The issue of "gay marriage" technically was not on any ballot Nov. 2 but it nevertheless was a big loser again on the state level, as Iowa voters ousted three state Supreme Court justices in an unprecedented vote, and several key state legislatures and governor's offices flipped from liberal to conservative.
The result is that on the national level, the legalization of "gay marriage" could be slowed, halted or -- in the cases of Iowa and New Hampshire -- altogether reversed.
-- From "Same-Sex Marriage Supporters See Election as Major Setback" by David Crary, Associated Press 11/4/10
On both sides of the marriage debate, the Iowa vote was seen as a signal that judges in other states could face similar punitive challenges.
The congressional results further clouded the prospects for repealing the "don't ask, don't tell" policy so that gays could serve openly in the military. Democratic leaders, including President Barack Obama, hope for a repeal vote in the Senate during the upcoming lame-duck session, but the post-election climate may strengthen the hand of conservatives wary of repeal.
And leading gay activists acknowledged that the Republican takeover in the House of Representatives likely doomed short-term hopes for major gay-rights legislation addressing workplace discrimination [ENDA] and federal recognition of same-sex couples.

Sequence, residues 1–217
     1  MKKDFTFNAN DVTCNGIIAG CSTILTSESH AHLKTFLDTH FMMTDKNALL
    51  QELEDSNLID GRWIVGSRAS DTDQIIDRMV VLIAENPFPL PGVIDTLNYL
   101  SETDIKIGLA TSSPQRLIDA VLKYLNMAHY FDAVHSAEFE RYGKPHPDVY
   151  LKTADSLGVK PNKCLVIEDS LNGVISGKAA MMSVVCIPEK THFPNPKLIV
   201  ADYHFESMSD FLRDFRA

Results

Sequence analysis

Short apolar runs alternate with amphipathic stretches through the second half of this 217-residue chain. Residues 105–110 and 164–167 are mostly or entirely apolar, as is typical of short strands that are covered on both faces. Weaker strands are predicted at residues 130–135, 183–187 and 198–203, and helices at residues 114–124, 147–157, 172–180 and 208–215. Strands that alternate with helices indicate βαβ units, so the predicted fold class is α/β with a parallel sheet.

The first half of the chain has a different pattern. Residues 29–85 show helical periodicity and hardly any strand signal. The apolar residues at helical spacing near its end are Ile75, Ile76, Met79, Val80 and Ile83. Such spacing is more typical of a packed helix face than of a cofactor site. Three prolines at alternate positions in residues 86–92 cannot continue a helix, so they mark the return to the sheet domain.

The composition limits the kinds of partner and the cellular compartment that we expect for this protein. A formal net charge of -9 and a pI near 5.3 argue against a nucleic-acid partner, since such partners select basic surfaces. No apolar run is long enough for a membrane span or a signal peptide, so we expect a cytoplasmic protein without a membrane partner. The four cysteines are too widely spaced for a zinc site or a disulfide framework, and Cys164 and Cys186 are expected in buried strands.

Among the Democratic losers on Tuesday were several staunch gay-rights supporters, including Sen. Russ Feingold of Wisconsin and Rep. Patrick Murphy of Pennsylvania, an Iraq war veteran who volunteered to be the House leader of the effort to repeal "don't ask, don't tell."
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From "'Gay marriage' loses big on election night" by Michael Foust, Assistant Editor of Baptist Press 11/3/10
. . . the Iowa legislature saw Republicans retake the state House and, at a minimum, significantly narrow their margins in the Senate. The legislature is key to the "gay marriage" issue because Democratic leaders have blocked all efforts to place a constitutional amendment on the ballot that would reverse the "gay marriage" ruling. An amendment likely now will clear the House, while its prospects in the Senate remain unclear but are probably improving. . . .
. . . In Maine, Republican Paul LePage, who opposes "gay marriage," won an open seat to succeed outgoing Democratic Gov. John Baldacci, who signed a "gay marriage" law in 2009, only to see voters reverse it. Additionally, Republicans took the Maine House and Senate from the Democrats for the first time since the early 1970s. Homosexual activists had hoped to push a "gay marriage" law there again in the near future.
. . . In Minnesota, Republicans shocked political pundits in the state by taking both the House and Senate for the first time in 38 years, likely thwarting hopes by homosexual groups to pass a "gay marriage" law and perhaps setting the stage for a marriage amendment to be placed on the ballot. In the governor's race, "gay marriage" supporter and Democrat Mark Dayton was clinging to a small lead over "gay marriage" opponent and Republican Tom Emmer.
. . . In Indiana, Republicans retook the House, an action that could put a constitutional marriage amendment -- which appeared to be sailing along several years ago until it was blocked by the now-outgoing Democratic House speaker -- back on track. The GOP also strengthened its majority in the Senate.
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